contents reflect the parties mutual obligations to one another. The type of contract
most suitable to the procurement (e.g., Purchase Order or Agreement) and its
pricing depends, in large measure, upon the scope and nature of the parties
obligations. The Procurement Section shall prepare the agreement or purchase order
and ensure, with the support of technical and professional assistance as required,
that it contains all the provisions necessary to protect the Courts interest.

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As a matter of policy, the Court does not normally use one-person companies. It is
not considered prudent to assign the responsibility for the management and delivery
of an activity to a single individual, as an essential element of any contractual or
outsourcing activity is to provide reliable, independent delivery of such services on
an uninterrupted basis.
8.1

Purchase Orders
Purchase orders are used when contracting for the provision of goods and
simple services.
Purchase orders constitute the Courts offer to the supplier. As such, they are
signed only by authorized Court representatives before being provided to the
supplier. The supplier manifests his acceptance of the offer by his conduct,
e.g. delivery of the goods or services. If, however, the purchase order has a
value in excess of 20,000.00, it must be signed and returned to the Court by
an authorized representative of supplier.
The purchase order is designed to convey the provisions of the contract to the
supplier and to provide maximum uniformity in recording all aspects of the
agreement.
The Courts terms and conditions are an integral part of the purchase order.
Procurement Section personnel in consultation with Legal Section are
responsible for ensuring that the terms and conditions included are
appropriate, considering the value of the agreement, the nature of the goods or
services provided, trade practice, and other factors.
Purchase order must be amended whenever the Court and/or the supplier
make changes.

8.2

Written Procurement Contracts


Written procurement contracts (hereinafter referred to as Agreements)
(Financial Rule 110.19) are generally used to obtain the services from a
specific company for a given task or period of time, or to procure goods
and/or services.
Fixed price agreements provide a firm pricing arrangement, e.g., lump sum,
unit price, per diem rate, etc., established by the parties at the time of
contracting. The price is not subject to adjustment based upon the suppliers
actual cost experience in performing the contract. The Court prefers to use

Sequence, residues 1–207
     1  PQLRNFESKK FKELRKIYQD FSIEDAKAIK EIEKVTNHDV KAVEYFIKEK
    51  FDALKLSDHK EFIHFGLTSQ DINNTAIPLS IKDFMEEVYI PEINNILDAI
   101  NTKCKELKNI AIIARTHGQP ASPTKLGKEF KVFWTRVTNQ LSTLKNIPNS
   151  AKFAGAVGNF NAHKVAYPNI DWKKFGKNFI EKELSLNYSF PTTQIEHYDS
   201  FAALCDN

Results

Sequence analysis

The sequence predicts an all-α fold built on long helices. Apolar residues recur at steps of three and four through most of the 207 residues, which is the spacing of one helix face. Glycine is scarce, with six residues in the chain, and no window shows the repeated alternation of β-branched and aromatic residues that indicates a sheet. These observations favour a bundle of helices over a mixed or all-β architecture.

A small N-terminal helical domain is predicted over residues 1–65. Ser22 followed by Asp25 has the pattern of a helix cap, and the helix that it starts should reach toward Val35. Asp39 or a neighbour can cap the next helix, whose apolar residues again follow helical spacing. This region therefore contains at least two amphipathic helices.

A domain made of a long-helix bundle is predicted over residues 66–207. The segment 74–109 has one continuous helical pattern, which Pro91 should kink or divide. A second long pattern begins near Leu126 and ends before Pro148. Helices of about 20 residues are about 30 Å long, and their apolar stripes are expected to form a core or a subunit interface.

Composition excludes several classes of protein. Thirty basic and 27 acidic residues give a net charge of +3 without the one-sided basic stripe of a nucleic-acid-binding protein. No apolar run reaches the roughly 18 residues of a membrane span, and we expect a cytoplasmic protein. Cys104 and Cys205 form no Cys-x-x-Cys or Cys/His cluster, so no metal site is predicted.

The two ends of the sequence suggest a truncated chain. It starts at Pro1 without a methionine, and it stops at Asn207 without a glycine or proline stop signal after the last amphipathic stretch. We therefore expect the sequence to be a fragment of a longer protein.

fixed price type agreements.
Agreements should be prepared to fit the actual circumstances involved and,
accordingly, will not be uniform. However, all agreements are expected to

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achieve the best overall value for the Court, taking into consideration quality,
timeliness, and minimization of risk to the Court.
The Court terms and conditions are an integral part of the agreement.
Procurement Section personnel are responsible for ensuring that the terms and
conditions included are appropriate, considering the value of the Agreement,
the nature of the goods or services provided, trade practice, and other factors.
Agreements should be formally amended whenever the Court and/or the
supplier make changes to their Agreement.

8.3 Terms and Conditions


Terms and conditions are a key component of agreements and purchase order
documents. Together with the Statement of Work or Scope of Work (SOW)
and applicable specifications, they form the written intent of the parties to the
agreement and purchase order.
The Standard Terms and Conditions in Court Agreements are developed by
the Legal and Procurement Sections. However, when necessary, terms and
conditions may be changed with the prior approval of the Procurement
Section and the Legal Section.
Contracts of a complex nature or involving provisions which have not been
previously used should be reviewed by the Court Legal Section prior to
contract signing. When, during the course of a negotiation, formal or
otherwise, the supplier is represented by an attorney, the Court must also have
a representative of the Legal Section present.

8.4

Procurement Plan and Contracts database


It is important that all contracts and agreements are reviewed, placed and
renewed in a timely manner. To this end, all contracts or agreements which
have a duration clause must be recorded in the contracts database. This
database will form part of the Procurement Plan.
During the regular quarterly meetings with the Certifying Officers contract
renewals and future requirements for goods and services shall be recorded in
the Procurement Plan. This is to ensure adequate time is give to compete the
necessary procurement tendering process (EOI, RFP/RFQ, PRC and contract
conclusion) in accordance with the Financial Regulations and Rules.